The Whisper, Part III
Originally scheduled for February 8
At the table, He
prepares for me a place.
He redeems me, I am pardoned by His
He restores me with His rich and lavish love.
His call, I hear the whisper of my name.
There is one
thing I would call to your attention first. It is a simple stated
fact, both in this song and in the Scripture, that you do not
prepare your own meal at the table of the Lord. It is not a
“do-it-yourself” project. Unless the Lord himself prepares the
table, it will do you no good. You are the invited guest, not the
caterer. For most Christians, however, the idea of preparing the
table brings back the echoes of the 23rd Psalm. You will
recall, however, that that Psalm deals with pasturing sheep. Sheep
must be led. And it is a fact of life that if you are leading, then
those whom you are leading are in your care; you must take provide
for them. That’s just how Christ does it for us; indeed, the verb is
“prepare.” Is there not in this a slight hint of the return of
Christ? Is there a reason we take communion “until he comes?”
The table of the Lord is the place of
redemption and part. In the ancient world, redemption would be
understood someone along the terms of paying a ransom for an
individual. Piracy was common in those days, and one of the main
sources of income for the pirates was the ransom they would get for
various individual citizens who were being detained. The person who
paid that ransom was said to have redeemed you. In our time, a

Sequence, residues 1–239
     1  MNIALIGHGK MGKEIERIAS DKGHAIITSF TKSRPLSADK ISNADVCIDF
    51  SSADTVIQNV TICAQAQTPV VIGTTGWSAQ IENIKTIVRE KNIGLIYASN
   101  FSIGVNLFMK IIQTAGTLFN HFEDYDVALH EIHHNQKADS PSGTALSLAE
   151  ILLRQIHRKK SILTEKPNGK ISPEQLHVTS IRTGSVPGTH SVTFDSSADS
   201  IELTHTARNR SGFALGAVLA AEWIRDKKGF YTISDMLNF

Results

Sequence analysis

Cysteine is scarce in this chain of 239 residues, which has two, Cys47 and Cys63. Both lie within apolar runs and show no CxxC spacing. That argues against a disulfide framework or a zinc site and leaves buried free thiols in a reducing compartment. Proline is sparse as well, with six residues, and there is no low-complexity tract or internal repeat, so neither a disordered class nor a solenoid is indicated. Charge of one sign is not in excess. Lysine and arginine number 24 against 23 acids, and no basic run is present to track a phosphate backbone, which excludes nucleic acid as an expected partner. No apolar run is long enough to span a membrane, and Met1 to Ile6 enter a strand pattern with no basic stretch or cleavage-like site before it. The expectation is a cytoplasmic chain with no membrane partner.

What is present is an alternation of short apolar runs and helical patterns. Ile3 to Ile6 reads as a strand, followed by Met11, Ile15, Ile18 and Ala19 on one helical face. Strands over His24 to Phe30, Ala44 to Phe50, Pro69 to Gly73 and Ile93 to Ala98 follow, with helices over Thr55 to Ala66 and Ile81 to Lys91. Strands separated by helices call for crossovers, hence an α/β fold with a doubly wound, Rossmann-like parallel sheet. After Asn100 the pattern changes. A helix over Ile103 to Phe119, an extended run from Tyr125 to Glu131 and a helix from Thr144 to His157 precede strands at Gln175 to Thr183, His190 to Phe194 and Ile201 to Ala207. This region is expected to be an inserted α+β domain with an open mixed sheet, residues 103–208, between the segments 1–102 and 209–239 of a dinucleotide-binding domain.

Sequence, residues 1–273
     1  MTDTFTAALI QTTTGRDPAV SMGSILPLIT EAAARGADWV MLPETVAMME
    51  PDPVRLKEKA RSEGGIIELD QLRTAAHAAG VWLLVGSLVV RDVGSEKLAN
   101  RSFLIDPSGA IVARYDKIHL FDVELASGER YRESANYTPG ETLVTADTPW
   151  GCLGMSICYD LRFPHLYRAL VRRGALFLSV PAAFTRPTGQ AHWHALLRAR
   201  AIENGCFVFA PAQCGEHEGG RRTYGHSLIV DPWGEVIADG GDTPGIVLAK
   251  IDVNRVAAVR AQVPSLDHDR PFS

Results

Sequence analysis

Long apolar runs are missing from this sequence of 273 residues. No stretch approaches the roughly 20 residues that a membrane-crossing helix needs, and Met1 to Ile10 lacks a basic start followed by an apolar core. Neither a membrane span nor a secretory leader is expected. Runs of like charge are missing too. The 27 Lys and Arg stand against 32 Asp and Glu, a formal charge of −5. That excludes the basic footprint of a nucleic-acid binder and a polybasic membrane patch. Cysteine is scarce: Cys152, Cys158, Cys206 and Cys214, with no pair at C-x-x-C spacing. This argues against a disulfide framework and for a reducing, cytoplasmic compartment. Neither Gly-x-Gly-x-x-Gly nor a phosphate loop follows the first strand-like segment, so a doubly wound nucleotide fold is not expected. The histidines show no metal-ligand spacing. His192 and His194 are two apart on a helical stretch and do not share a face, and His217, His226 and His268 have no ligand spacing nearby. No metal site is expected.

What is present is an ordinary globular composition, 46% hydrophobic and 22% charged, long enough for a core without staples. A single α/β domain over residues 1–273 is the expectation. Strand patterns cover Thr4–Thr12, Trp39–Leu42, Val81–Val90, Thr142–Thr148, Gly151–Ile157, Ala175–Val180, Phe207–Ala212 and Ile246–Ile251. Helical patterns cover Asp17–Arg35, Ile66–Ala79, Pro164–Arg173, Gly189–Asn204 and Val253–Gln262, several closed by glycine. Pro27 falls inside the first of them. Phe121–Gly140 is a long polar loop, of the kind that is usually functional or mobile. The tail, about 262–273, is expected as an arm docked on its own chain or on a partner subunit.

somewhat similar example might be taken from the common pawn shop.
In your financial distress, you go down in hock Aunt Myrtle’s
precious vase, hoping at a later date to come back with enough money
to get it out of the pawn shop — and to do so early enough that it
is still there. That’s what it’s like to be redeemed: our Lord got
to the pawn shop in time with enough money. Or, to be more accurate,
he came at just the right time to offer his blood and body for our
Pardon, on the other hand, is an act of
sovereignty. You will notice that the president may pardon; the
governor may pardon — but not the Congress or the legislature. It is
by definition an act performed by the reigning head of the
government. In the times of the apostles, this would be (for
example) a Caesar. You could not earn it; nor did the governor have
to cite any reason whatsoever for giving you a pardon. You and I
have been pardoned by the King of Kings and the Lord of Lords. His
love motivated him to do this; he does it by the authority inherent
in being the creator.
This restoration is done indeed by his rich and
lavish love. Have you ever notice the things that are done out of
love are not parsimonious? And not just barely enough? They have
that lavish air to them a one who wishes to make absolutely certain
that you understand that you are loved. This, indeed, is to be
imitated. How often? “Seven × seventy” as Christ told Peter. Indeed,
the way that we love one another is the true mark of the disciples
of Christ. This is the result of the Lord.
Christ calls you softly and tenderly, with the
still, small voice. It is not an impersonal call; he knows your
name. So come to his table with a repentant heart seeking to imitate
the love of your Lord.
"Come to the table. Your name is written on My hand.
Come to the
table. Your name is hidden in My heart.
Come to the table and